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  10th Conference on Retroviruses and Opportunistic Infections
Boston, Mass, Feb 10-14, 2003
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Entry Inhibitors, The How and Why of New Agents at Retrovirus: an Update
Reported by Christopher D. Pilcher, M.D. UNC at Chapel Hill Center for AIDS Research
The current range of approved HIV medications includes drugs that inhibit various steps in the virus' life cycle. Most classes of these drugs act inside HIV infected cells: many agents interfere in one way or another with reverse transcriptase (RT)-a viral enzyme which the virus uses to replicate itself within the cell. ("Nucleoside or nucleotide" and "non-nucleoside" RT inhibitors--NRTI and NNRTIs--are chemically very distinct and can work together with powerful synergy against this one target.) Other existing drugs interfere with the activity of HIV protease-which the virus uses to package itself for export out of an infected cell, to begin new rounds of destruction. The third major drug target that has been successfully exploited is HIV gp41-a molecule on the virus' surface that has to change its shape in a specific way in order for the virus to "fuse" with the cell it is attacking and empty its payload inside. By directly binding to gp41, the injectable peptides enfuvirtide (Fuzeon, formerly T-20) and its cousin T-1249 are able to powerfully block the fusion process. Very potent, bioavailable NRTIs, NNRTIs, PIs, and FIs (Fusion Inhibitors) have all been developed.
Some of these agents are more toxic than others, but all have some toxicities which in many cases may accumulate over time.
Moreover, despite the potency of all of these agents, an overwhelming body of evidence proves that even in patients treated with very powerful combinations and maintaining "undetectable" viral loads on therapy the virus is able to continue to replicate and evolve (albeit at a drastically slowed pace). The consequences are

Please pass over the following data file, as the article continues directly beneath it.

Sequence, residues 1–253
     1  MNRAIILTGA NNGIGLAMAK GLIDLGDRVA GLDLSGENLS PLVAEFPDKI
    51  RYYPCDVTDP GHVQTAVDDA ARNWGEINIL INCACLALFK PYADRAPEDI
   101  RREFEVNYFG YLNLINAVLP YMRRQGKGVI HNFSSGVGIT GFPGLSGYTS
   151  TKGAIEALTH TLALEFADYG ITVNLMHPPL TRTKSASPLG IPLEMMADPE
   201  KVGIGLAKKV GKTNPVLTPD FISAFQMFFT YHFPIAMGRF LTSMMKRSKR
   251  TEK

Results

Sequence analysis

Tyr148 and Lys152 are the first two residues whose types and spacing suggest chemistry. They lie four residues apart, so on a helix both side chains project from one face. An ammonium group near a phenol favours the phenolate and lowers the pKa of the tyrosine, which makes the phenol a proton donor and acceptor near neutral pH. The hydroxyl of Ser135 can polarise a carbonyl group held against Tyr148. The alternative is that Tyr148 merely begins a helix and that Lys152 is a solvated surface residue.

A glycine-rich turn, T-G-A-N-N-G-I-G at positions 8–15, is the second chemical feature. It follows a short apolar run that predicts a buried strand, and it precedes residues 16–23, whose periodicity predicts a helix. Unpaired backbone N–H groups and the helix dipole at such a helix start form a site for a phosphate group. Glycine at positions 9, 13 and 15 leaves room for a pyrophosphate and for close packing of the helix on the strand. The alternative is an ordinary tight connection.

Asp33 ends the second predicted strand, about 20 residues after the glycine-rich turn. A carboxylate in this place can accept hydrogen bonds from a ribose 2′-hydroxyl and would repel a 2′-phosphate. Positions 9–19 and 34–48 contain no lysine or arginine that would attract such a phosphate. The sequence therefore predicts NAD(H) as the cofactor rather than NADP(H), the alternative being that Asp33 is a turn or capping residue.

• evolution of drug resistance in some patients , and
  • persistence of HIV in the body in all. (see reports on reservoirs elsewhere in NATAP website Retrovirus Conference Reports)
In answer to the above challenges, then, the goals of drug development efforts must be to
  • improve the acceptability and tolerability of current drugs
  • find new agents that might have improved activity throughout the body, and
  • find agents that will be active against viruses that have already evolved
resistance to some or all existing drugs---an increasingly common scenario for patients living with HIV and their physicians.
In the quest for agents that might have improved activity compared with older drugs, investigators have wondered if equally potent drugs targeting the parts of the virus life cycle that occur outside the cell might be better than drugs targeting events that take place inside infected cells. Why? Anti-HIV drugs that must be inside the cell to be active can be efficiently neutralized by some cells, using primitive, innate self-defense mechanisms such as "efflux pumps" which sense toxins and eject them outside of the cell. Many experts believe that this kind of "cellular resistance" could be an important reason for the viral persistence and evolution in patients on seemingly potent combination therapies. "Extracellular ART" would completely circumvent this problem. More immediately, any drug working on a separate part of the virus' life cycle would have little potential for "cross-resistance" with NRTI, NNRTI or PIs.
In a summary plenary lecture at this year's Retrovirus Conference (session 23), Eric Hunter from Alabama reviewed the progress of entry inhibitors and prospects for further development of extracellular ART. This lecture emphasized the multiple steps involved in the process of HIV attachment and entry into cells, and explained how each of these steps could be targeted. The first step is HIV's gp120 molecule binding to a CD4 receptor and to a necessary "coreceptor" molecule on the cell surface (CXCR4 and CCR5 are the most common) that must be present on the cell surface for proper attachment. Drugs inhibiting this binding are called attachment inhibitors.
Like a lock needing two separate keys, once both sites on gp120 are bound by CD4 and one of the coreceptors, gp120 flips back out of the way, exposing the virus' previously hidden harpoon molecule, gp41. gp41 is then free to pierce the cell and reel it in close enough to allow virus-cell fusion. Drugs targeting these last steps are called fusion inhibitors (FIs).